Now, what do you do if you're the Germans? Realistically, you have two choices: dig in at the Pyrenees or move south into Spain. Really the only obstacle in front of the Pyrenees is the Ebro River, which would also be a good defensive line. Meanwhile, more Allied units and tons of supply are pouring in at the ports of both northern and southern Spain. If you're the Germans, you do not try to fight them in the open on the Spanish plain because there are a lot of Allied units coming at Madrid from both north and south. Allied bombing is interrupting your access to the battlegrounds by blowing up bridges over the Garonne and railroad junctions all over the place. The war in the air over France would have been bitter and bloody and rougher in, say, July or August 1943 than what we saw in June 1944, since the Luftwaffe wouldn't have been as weak a year earlier, but I think the Allies would have won.

So, me being the Germans, I'd try to hold at the line of the Pyrenees. No point in trying to prop up the Franco regime with about fifteen Allied divisions rolling through and more on the way, coming in through the northern Spanish ports, and the Ebro line is longer and less defendable than the Pyrenees. There will probably be a very rough battle around Irun and Bayonne as the Allies pour through to the west of the Pyrenees, and maybe another one around Portbou and La Jonquera on the east side. I think the Allies would have won, though, and at August or September 1943 you'd be on the French side of the Pyrenees. From there you ought to be able to launch an invasion of Western Europe much more efficiently than from the capture of a defended bridgehead, like at Normandy. You wouldn't be throwing your guys away like in the fight through Italy, and you'd have the sum of both the troops that wound up in Italy and those that wound up in France striking together at the Germans, and probably a lot of useless Italian troops too.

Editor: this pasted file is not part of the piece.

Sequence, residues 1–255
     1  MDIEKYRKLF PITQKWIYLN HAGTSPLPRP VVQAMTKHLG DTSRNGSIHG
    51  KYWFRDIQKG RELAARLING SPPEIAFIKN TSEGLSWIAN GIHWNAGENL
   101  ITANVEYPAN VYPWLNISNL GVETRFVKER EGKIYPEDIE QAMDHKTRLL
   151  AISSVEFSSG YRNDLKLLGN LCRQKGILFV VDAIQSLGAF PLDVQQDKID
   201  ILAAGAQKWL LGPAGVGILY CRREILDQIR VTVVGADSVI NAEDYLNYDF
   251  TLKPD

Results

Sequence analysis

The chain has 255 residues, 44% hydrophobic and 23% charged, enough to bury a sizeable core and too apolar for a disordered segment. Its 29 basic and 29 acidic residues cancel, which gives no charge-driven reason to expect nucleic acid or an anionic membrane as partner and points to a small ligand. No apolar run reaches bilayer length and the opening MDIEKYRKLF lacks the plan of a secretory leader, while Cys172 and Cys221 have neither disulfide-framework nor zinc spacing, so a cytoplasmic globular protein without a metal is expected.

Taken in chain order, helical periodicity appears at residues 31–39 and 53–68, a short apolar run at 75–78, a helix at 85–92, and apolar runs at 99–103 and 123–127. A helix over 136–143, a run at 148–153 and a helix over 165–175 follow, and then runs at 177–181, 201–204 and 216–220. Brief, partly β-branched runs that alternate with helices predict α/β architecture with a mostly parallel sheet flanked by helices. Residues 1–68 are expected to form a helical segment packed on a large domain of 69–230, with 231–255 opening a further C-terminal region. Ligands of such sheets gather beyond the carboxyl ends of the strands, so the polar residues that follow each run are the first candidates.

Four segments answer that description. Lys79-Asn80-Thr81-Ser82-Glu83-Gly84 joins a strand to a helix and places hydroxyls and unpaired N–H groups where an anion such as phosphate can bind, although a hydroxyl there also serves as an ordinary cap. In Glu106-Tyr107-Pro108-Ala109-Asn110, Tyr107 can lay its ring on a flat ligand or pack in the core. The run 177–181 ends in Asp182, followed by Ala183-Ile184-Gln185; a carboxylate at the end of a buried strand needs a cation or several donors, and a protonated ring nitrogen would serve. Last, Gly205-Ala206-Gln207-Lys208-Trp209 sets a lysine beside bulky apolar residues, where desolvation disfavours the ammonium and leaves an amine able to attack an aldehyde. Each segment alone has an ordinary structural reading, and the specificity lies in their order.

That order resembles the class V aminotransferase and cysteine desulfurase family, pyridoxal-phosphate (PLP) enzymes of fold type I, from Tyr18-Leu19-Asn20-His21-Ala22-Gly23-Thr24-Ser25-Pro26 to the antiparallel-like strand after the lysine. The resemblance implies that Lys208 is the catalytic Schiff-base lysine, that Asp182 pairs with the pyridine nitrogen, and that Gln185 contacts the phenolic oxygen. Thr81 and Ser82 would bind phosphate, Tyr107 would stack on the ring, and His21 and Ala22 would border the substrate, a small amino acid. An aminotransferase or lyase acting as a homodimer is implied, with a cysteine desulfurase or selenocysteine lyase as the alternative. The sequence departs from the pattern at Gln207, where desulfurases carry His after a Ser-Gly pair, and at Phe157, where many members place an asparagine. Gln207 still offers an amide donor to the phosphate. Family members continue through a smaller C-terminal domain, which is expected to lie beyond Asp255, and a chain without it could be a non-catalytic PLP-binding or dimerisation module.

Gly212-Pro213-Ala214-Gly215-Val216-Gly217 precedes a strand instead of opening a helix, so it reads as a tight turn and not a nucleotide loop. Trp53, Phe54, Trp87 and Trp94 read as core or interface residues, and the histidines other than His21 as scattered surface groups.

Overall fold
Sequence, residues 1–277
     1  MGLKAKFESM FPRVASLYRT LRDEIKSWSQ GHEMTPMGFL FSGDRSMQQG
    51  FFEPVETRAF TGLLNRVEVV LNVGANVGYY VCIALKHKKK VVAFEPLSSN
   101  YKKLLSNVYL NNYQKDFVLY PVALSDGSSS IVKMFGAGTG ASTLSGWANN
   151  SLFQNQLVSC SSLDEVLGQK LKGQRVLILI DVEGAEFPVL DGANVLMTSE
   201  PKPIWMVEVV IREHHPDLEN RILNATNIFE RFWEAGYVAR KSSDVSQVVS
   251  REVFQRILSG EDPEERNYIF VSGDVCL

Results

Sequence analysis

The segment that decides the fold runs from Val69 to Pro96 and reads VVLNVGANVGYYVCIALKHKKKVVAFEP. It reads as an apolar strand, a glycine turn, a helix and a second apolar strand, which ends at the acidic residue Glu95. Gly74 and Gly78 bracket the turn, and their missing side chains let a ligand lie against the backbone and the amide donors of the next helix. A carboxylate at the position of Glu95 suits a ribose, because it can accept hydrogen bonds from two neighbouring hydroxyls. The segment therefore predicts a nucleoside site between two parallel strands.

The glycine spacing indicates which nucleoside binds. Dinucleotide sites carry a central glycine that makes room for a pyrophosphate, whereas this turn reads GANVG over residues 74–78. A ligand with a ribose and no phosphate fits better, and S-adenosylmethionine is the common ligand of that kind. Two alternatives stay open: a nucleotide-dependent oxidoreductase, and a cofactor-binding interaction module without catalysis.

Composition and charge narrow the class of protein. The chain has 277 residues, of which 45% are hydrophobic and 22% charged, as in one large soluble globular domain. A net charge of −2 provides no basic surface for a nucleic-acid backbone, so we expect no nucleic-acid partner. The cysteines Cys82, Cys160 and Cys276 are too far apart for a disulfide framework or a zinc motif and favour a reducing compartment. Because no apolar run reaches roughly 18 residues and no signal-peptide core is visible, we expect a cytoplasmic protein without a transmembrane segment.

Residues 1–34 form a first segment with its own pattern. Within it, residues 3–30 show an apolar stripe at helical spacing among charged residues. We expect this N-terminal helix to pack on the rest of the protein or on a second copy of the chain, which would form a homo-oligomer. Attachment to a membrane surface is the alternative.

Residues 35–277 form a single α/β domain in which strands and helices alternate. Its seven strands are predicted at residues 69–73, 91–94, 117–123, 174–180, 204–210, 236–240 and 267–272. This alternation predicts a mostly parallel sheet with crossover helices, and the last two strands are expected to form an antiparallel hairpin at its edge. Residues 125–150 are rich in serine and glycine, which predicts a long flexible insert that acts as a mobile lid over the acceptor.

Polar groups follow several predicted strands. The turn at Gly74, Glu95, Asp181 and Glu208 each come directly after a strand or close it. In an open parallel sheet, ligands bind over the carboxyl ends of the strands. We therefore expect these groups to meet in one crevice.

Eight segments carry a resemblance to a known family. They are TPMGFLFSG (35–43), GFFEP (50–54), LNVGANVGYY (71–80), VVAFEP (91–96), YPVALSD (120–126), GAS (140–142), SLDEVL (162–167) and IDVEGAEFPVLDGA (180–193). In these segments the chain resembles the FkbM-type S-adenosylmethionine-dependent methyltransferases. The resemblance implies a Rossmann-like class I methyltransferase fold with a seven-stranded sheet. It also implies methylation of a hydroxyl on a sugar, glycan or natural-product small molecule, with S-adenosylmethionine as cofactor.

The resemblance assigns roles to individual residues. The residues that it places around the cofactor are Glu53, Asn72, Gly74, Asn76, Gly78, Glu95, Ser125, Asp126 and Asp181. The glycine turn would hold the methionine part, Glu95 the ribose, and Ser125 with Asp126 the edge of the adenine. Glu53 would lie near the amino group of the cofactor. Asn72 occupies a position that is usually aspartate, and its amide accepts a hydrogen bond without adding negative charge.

If we'd done this we might have considerably shortened the war at less cost, and a lot of people who got killed might have survived.

What's our moral justification for attacking neutral Spain? Well, Spain wasn't neutral, it was officially "non-belligerent". Spanish "volunteers", the Division Azul, were fighting against the Soviets on the Leningrad front. Spain was openly pro-Axis diplomatically, and it had a dictatorial government that had been put in place, at least partially, by Hitler and Mussolini. Those are all casus belli (help, Dr. Weevil, what's the plural?) in my book.

So what do you think? I'm expecting a hail of brickbats, rotten tomatoes, and dead cats...